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Given his somewhat precious approach to politics, one almost automatically wants to disagree with Jordon Brown, the minister of justice, even when you might think he’s right.
However, his comment this week on Green Party leader, Peter Bevan-Baker’s call for an investigation into the fact an outside lawyer was used to help draft the Referendum Act appear to be spot on.
There are aspects of the Act that are certainly objectionable. Particularly the part requiring that to be successful the Yes-side must get more than 50 per cent of the votes in 60 per cent of the ridings. But, it’s the requirement that’s the problem, not who drafted it.
Mr. Bevan-Baker is upset that a well-known Liberal, Spencer Campbell, a lawyer with Stewart McKelvey was used by the government to help draft the act. This is not unique, nor unethical. It may well be that there are lawyers in the government quite capable of doing the drafting and they weren’t used. A waste of money, maybe, but governments wasting money is not unethical per se.
Mr. Brown appears to be right when he said, “It's a very baseless allegation.”
But, given that the campaign on the referendum is already underway, Mr. Brown may have reverted to being a tad precious when he questioned the timing of the Green leader’s call for an inquiry, calling it “political.” Given the Greens are one of the two parties that advocate for Mixed Member Proportional (MMP) representation, it is almost certain what Mr. Bevan-Baker did was political. And he likely doesn’t expect the inquiry to happen.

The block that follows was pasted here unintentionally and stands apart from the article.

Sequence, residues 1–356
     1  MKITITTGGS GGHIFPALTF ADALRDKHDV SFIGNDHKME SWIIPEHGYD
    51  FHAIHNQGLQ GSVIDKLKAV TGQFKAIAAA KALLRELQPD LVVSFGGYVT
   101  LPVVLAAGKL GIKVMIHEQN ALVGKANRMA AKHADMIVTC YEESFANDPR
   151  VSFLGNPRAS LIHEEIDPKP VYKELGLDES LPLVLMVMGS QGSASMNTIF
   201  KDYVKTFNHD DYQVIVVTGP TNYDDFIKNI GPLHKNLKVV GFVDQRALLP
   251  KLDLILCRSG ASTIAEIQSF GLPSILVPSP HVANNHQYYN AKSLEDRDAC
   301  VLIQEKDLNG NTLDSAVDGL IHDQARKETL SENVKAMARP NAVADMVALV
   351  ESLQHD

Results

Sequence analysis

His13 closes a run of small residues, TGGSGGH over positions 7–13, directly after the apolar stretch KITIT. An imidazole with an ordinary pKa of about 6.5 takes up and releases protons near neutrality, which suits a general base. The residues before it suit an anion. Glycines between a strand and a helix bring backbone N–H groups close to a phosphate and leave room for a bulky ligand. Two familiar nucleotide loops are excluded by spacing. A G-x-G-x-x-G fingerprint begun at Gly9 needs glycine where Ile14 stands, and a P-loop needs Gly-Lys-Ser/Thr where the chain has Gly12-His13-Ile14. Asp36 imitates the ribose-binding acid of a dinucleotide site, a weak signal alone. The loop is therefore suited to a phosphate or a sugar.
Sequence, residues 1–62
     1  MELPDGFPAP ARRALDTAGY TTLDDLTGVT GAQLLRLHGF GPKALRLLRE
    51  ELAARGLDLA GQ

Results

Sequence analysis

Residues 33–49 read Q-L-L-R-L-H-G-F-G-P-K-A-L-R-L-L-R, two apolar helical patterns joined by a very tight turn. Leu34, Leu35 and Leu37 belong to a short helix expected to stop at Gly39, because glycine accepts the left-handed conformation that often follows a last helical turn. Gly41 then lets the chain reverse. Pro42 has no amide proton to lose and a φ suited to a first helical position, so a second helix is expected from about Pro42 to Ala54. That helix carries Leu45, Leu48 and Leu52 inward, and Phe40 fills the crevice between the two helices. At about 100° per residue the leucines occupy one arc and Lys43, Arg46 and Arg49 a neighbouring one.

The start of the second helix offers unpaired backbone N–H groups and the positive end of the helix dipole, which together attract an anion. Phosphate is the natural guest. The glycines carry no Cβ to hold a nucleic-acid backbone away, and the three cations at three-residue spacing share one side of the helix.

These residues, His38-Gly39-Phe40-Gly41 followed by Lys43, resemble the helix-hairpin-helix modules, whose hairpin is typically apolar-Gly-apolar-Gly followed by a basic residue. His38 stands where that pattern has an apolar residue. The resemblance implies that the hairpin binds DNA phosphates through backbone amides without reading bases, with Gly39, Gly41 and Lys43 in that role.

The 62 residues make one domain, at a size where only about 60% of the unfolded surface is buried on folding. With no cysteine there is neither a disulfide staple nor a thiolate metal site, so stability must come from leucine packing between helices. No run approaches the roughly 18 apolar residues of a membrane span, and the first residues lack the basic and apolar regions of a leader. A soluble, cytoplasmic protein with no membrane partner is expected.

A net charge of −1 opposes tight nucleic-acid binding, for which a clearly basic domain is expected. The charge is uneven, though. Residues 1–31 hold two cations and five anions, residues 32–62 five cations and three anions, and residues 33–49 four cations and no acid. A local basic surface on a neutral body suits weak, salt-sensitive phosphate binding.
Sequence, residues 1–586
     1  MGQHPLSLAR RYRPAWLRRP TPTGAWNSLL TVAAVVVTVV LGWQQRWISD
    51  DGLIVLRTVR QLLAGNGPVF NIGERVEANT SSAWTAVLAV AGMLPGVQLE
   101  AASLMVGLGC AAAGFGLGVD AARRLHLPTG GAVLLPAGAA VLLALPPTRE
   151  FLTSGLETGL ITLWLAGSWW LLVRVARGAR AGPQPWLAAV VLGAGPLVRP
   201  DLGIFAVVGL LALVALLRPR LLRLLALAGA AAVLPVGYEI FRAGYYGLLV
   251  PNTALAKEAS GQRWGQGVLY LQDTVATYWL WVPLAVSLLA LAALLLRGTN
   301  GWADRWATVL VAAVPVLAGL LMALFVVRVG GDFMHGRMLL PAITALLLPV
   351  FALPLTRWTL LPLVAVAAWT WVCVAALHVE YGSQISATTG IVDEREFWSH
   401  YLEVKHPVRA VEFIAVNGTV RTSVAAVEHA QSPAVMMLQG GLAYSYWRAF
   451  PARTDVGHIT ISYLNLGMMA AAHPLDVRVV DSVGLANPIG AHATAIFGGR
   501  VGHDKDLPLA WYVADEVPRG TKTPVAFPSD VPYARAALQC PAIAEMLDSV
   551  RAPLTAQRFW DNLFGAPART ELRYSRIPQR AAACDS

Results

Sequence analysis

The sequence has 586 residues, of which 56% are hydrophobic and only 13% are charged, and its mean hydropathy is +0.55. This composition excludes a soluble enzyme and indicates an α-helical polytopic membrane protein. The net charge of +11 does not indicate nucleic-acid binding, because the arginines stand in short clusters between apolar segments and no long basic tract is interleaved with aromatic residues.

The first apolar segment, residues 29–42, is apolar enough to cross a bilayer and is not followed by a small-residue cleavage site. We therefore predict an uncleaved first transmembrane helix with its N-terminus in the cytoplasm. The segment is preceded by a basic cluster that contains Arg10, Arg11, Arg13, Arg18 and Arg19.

As mentioned earlier, the campaign to change the electoral system to MMP has started, but as the vote on the referendum will be held in conjunction with the election, serious campaigning won’t begin until the date of the election is known.
Given the fact, that the Referendum Act limits both sides of the issue to a budget of $75,000, both are conserving their money and their efforts. And, $75,000 isn’t really a lot of money for province-wide campaign. The Liberal Party alone will likely spend five to ten times as much trying to elect MLAs to the legislature. While the Conservatives won’t be able to match them, they will still spend a couple of hundred thousand dollars to elect Tory MLAs.
To date, the referendum campaign has consisted of distributing pamphlets, placing opinion articles in the newspapers and lots of letters-to-the-editor, either advocating their own position or castigating their opponents.
The No side seems to be the more aggressive, and more negative. Perhaps they recognize that the population’s dissatisfaction with the government could also result in dissatisfaction with the way the MLAs are elected.
The No crowd wants everyone to believe that the system works fine as it is, that there is nothing wrong with a democracy where 41 per cent of the voters elect 66 per cent of the MLAs. Which is what happened four years ago. Or having elections where the results are a legislature with only one or two opposition MLAs which we have seen in the not so distant past.
The No crowd wants everyone to believe that moving to a MMP system is incredibly complicated, that somehow Islanders won’t be able to figure out how to put two Xs on a single ballot.
By moving to a MMP system the elected MLAs will more accurately reflect the votes cast. It would mean that a party couldn’t win 66 per cent of the seats with only 40 per cent of the votes. The No-side says the formula for counting the ballots is too complicated to understand. But, complicated or not, Elections P.E.I. will know how the formula works. As will representatives of the political parties, who’ll have a vested interest making sure the results are accurate.
For a good many years Islanders have put their trust into Elections P.E.I. to run fair and accurate elections. Unless we’re all becoming paranoid, there’s no reason they can’t be trusted to do this in the future.
Alan Holman is a freelance journalist living in Charlottetown. He can be reached at: firstname.lastname@example.org.